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Some Republicans back increasing wage in their home states


OCTOBER 2014, LEHIGH VALLEY Edition of The Union News

Some Republicans back increasing wage in their home states


REGION, September 20th- During this mid-term election year some Republicans throughout the nation have backed the raising of the minimum wage while legislation supported by President Barack Obama lies in Washington likely to die because most federal members of the GOP will not support it.

The American Federation of Labor and the Congress of Industrial Organizations (AFL-CIO) labor federation in Washington DC, has made it clear it does support raising the federal minimum wage to the bench-mark of $10.10 an hour, which President Obama proposed in his “state-of-the-union” address earlier this year.

The current minimum wage, which covers most workers employed within many industries excluding some retail and service establishments and farms and also employ students at wages of no more than 15 percent below the minimum with proper certification, is $7.25. The federal minimum wage has not been raised since 2009.

The AFL-CIO has been lobbying Washington legislators and organizing rallies supporting the raising of the federal minimum wage under the Fair Labor Standards Act (FLSAct).

Many states have increased their minimum wage above the federal bench-mark including New Jersey, Maryland and New York. However, anti-worker Pennsylvania Republican Governor Tom Corbett has made it clear he does not support increasing the wage. He has been lobbying fellow Republicans to not support the increase of the hourly wage, stating the higher wage would harm Pennsylvania’s economy.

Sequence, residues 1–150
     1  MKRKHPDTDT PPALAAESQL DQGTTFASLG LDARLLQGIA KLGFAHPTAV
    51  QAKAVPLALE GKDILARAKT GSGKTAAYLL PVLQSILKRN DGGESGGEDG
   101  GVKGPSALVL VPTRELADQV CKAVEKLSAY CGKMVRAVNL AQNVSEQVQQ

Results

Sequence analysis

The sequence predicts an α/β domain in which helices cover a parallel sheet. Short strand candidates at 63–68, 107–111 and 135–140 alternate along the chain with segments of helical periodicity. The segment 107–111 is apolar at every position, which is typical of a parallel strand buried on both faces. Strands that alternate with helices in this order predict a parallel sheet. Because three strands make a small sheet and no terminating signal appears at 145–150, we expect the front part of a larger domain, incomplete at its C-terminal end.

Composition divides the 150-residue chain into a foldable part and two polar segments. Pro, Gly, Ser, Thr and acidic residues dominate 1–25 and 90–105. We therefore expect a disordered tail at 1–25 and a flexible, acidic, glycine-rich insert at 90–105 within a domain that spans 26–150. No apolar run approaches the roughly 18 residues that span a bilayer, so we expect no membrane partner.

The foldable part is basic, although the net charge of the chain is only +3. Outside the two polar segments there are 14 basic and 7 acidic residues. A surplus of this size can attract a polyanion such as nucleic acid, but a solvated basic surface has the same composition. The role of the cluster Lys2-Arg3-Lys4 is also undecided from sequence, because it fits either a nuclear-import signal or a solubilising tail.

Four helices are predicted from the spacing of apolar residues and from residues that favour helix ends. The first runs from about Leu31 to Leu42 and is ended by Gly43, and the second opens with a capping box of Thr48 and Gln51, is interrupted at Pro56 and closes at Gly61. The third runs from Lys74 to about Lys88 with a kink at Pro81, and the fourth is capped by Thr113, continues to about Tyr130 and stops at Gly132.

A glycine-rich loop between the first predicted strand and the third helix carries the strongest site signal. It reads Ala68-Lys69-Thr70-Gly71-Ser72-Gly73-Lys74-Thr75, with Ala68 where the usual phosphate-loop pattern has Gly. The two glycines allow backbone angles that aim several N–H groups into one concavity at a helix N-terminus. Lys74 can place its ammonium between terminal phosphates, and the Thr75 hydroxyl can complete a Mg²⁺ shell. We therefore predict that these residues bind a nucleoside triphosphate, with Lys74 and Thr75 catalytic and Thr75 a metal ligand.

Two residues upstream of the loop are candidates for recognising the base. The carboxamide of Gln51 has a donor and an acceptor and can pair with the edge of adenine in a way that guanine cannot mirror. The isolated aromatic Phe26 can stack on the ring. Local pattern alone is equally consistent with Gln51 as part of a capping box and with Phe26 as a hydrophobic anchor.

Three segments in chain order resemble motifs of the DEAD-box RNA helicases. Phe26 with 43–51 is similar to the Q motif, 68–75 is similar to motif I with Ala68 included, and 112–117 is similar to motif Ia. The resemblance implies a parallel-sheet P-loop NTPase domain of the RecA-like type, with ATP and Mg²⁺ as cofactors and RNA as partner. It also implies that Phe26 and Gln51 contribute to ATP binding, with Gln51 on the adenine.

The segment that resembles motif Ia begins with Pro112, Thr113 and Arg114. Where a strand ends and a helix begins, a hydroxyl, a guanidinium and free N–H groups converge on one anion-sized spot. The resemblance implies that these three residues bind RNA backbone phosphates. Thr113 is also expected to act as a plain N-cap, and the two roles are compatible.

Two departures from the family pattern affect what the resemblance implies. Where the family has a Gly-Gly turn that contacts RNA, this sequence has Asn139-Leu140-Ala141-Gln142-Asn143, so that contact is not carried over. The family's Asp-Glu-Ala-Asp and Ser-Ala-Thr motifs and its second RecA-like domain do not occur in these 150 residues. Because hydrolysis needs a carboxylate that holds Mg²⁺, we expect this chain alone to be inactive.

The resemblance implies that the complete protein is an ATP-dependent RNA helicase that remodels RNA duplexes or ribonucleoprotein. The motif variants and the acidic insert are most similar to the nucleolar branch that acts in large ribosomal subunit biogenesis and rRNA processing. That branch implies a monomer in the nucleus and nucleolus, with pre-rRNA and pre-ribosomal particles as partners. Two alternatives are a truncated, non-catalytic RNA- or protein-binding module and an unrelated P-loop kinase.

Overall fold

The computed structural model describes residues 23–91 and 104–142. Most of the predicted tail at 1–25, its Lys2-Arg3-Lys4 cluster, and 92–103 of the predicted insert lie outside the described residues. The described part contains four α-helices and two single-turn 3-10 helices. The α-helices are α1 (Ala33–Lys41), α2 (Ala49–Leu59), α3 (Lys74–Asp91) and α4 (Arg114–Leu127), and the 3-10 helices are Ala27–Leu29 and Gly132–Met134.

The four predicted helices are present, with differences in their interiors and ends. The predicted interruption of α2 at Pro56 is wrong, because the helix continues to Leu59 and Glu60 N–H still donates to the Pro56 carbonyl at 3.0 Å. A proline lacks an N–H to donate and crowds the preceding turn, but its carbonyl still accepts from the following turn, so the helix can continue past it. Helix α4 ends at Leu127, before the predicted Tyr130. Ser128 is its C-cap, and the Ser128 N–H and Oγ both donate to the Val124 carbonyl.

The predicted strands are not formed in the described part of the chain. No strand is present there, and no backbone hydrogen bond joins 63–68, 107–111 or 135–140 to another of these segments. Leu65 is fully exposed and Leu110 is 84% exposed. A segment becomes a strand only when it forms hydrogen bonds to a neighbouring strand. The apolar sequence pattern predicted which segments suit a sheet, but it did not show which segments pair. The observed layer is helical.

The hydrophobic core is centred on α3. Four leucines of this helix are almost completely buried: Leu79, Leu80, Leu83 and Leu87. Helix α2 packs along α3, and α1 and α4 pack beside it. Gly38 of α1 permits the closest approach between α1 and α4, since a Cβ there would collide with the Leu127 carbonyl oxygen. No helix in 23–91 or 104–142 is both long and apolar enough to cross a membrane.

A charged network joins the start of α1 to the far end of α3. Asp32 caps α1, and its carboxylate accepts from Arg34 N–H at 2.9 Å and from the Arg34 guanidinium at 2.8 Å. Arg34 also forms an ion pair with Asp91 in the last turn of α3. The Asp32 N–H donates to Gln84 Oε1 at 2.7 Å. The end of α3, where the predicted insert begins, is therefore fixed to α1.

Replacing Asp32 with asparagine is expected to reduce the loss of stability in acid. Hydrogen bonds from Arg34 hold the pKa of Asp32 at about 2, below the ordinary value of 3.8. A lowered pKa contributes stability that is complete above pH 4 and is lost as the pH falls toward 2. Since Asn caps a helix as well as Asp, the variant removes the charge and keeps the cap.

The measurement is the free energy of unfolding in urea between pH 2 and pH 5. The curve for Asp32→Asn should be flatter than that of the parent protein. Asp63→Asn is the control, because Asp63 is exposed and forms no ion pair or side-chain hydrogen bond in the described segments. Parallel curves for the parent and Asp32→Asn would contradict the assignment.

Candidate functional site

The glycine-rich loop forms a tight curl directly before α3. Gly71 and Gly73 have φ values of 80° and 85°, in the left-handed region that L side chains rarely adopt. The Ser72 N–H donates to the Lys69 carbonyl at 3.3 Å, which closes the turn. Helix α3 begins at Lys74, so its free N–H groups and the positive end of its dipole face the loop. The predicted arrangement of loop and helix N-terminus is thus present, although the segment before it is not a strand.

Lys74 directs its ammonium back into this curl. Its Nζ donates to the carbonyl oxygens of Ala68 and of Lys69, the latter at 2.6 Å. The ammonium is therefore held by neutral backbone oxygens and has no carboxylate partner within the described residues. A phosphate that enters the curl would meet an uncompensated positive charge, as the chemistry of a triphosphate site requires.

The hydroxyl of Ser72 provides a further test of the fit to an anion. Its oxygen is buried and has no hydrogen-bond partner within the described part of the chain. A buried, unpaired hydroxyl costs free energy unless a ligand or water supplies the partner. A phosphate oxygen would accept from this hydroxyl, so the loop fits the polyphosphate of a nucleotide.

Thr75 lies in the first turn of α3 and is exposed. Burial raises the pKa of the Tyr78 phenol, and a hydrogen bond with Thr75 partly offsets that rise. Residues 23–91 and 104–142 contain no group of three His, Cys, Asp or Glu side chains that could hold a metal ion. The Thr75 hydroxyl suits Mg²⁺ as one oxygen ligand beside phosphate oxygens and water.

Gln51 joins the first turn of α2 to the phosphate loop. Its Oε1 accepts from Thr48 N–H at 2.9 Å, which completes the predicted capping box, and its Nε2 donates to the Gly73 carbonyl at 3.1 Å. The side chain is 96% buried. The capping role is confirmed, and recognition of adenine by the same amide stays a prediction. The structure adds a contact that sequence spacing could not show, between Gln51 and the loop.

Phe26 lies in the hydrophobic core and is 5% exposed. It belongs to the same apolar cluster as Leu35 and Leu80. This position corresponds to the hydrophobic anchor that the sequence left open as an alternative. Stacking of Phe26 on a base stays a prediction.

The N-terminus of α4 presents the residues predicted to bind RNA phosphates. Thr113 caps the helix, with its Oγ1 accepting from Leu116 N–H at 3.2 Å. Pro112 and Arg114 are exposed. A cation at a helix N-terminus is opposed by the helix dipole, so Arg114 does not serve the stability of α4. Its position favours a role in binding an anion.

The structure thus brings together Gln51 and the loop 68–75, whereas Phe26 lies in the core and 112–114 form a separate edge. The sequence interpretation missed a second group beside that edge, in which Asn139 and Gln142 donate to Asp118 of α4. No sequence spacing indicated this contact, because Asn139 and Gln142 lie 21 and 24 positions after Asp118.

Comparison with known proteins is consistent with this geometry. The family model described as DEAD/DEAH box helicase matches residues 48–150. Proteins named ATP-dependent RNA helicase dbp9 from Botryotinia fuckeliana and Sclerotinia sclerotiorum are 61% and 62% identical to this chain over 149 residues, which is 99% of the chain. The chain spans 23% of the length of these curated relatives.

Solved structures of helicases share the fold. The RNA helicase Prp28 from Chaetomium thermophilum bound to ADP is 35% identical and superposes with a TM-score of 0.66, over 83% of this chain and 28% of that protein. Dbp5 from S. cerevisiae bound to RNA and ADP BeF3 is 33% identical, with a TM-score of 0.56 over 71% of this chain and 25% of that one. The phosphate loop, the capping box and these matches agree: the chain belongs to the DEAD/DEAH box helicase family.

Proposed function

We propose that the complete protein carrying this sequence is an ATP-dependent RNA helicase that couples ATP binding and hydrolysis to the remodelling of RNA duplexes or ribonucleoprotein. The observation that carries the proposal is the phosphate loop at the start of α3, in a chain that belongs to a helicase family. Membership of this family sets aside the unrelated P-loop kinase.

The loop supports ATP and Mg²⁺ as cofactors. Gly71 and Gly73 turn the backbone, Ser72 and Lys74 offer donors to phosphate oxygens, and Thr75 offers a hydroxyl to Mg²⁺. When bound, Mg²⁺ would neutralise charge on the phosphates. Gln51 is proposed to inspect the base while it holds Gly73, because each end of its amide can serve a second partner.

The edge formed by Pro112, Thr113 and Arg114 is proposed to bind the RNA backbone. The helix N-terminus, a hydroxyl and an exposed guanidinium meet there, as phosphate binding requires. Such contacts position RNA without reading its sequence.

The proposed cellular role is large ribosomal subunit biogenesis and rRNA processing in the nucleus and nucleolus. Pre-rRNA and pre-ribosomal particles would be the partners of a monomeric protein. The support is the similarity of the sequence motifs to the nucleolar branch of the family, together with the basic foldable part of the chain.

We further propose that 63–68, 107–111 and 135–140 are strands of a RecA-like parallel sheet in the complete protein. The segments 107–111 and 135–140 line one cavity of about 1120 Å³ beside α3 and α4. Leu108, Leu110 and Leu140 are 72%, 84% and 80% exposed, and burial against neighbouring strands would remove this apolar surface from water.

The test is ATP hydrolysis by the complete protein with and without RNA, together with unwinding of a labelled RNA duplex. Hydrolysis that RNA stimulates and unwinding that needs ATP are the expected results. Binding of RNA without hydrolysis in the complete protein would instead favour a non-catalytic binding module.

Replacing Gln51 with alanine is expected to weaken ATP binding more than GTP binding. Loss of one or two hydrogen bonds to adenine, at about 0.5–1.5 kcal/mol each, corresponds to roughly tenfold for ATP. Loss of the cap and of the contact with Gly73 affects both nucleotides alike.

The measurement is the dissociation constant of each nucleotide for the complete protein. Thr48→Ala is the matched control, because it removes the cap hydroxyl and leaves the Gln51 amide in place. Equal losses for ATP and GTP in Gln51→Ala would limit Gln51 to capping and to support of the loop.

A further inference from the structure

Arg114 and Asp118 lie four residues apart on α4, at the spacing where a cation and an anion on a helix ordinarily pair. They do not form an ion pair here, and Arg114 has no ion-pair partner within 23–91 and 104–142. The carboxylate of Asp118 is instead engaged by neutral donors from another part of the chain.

There are 19 state’s and the District of Columbia that have a higher minimum wage than the federal standard. New Jersey’s minimum wage increased in January to $8.25 an hour.

Meanwhile, in five states that Republicans control, including Alaska, Arkansas, South Dakota, Nebraska, and Illinois, GOP legislators have voiced their support for raising the bench-mark in their states but not to $10.10 an hour.

Those five states have measures up for a vote and the bench-mark would be increased from their current wage between $1.25 an hour, such as South Dakota, to $2.00 an hour, such as Alaska.

In 2014, 13 states have so-far increased their bench-mark above the federal minimum wage and those states have added jobs faster than those that did not raise the wage.

A recently release report by the Congressional Budget Office projected that a higher minimum wage of $10.10 an hour would cut 500,000 jobs throughout the nation but the report also stated that more than 16.5 million American workers wages would be increased, producing an overwhelmingly positive impact for the economy.